This means the people’s economic burdens are going to rise with increased taxes including the regressive VAT, which is levied on everyone including for essential goods. And more worryingly, it is going to reduce any subsidies in relation to energy, whether it is electricity or fuel costs, and the market with its tremendous fluctuations is going to determine what working people pay as electricity and fuel; transport for ordinary people, and livelihood inputs such as kerosene and diesel for fishermen’s boats and farmers’ tractors.

2. “Developing a comprehensive strategy to restore debt sustainability.”

The IMF does not restrict us from borrowing really expensive loans from the international capital markets such as sovereign bonds that are at the root of our current debt crisis. Rather it will decide when and how the government borrows. The state will not be allowed to carry out much-needed investments to create employment or provide relief during a crisis. State assets may be sold to pay off debts, costing the people dearly with cuts to state services.

3. “Near-term monetary policy tightening to ensure that the recent breach of the inflation target band is only temporary.”

Lower inflation targeting is in the interest of capital, as the value of capital will not decline due to inflation. But if we want working people to gain higher incomes and if employment is to be created, then there should be policies that allow for state intervention to increase salaries, to create employment through state investment etc., which will be denied with the sole purpose of keeping inflation low.

4. “Gradually restoring a market-determined and flexible exchange rate. To avoid disorderly movements in the exchange rate, the transition should be carefully sequenced and implemented as part of a comprehensive macroeconomic adjustment package.”

This recommendation is an oxymoron as markets are in fact disorderly as they lead to great fluctuations. Furthermore, those instabilities as with the price rises of milk powder now are to be absorbed by the working people.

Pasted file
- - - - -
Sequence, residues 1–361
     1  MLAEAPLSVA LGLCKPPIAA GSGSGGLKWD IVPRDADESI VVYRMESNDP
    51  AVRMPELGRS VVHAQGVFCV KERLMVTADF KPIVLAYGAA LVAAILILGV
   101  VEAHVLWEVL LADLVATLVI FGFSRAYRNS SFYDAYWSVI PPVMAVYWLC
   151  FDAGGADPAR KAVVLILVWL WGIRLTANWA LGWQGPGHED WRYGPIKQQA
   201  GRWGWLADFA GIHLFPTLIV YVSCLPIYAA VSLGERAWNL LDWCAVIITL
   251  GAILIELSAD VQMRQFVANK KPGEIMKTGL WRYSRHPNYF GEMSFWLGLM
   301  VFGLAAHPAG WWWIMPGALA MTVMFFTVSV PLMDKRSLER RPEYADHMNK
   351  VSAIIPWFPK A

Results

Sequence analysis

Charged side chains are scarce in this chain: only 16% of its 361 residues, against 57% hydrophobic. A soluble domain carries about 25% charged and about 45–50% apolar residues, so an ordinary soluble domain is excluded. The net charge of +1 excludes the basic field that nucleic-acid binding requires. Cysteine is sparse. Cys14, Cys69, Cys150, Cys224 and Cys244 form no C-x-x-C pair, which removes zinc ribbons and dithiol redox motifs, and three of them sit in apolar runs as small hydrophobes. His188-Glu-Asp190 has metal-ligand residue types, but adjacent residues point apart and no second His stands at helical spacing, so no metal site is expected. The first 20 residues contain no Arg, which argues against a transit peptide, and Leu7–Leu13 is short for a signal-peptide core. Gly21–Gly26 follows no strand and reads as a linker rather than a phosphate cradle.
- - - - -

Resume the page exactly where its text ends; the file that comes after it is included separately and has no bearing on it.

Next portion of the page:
5. “Social safety nets should be strengthened, by increasing spending, widening coverage, and improving targeting, to mitigate the adverse impacts of macroeconomic adjustment on vulnerable groups.”

The keyword here is targeting. They are going to decide who is vulnerable and who is not, and if they lower the bar enough, no one will need a safety net. This feel-good recommendation is there, so our comprador or elite can market the IMF agreement itself to the people.

Marketing our future

The recommendations don’t end with this five-point plan. There is an important paragraph at the end of the recommendations:

Renewed efforts are needed on growth-enhancing structural reforms, including increasing female labour force participation, reducing youth unemployment, liberalizing trade, developing a wide-reaching and coherent investment promotion strategy, and reforming price controls and state-owned enterprises (SOEs).”

There is no recognition of women’s role in social reproduction to support household provisioning through informal production and for that matter their work at home. Next, the IMF is pushing for further liberalizing trade disregarding its role in the current balance of payments problems. Finally, it wants to see price controls lifted and state services reduced or privatised.

Should Sri Lanka’s future be determined by the market in the interest of capital? Those who control the global system and their local comprador partners have much to gain. The working people in our country on the other hand will be squeezed by the market. This time around, the post-IMF months and years will not be business as usual. The working people will be thrown into the fire unless they douse the post-IMF crisis with radical resistance.

Source : Daily Mirror

Ahilan Kadirgamar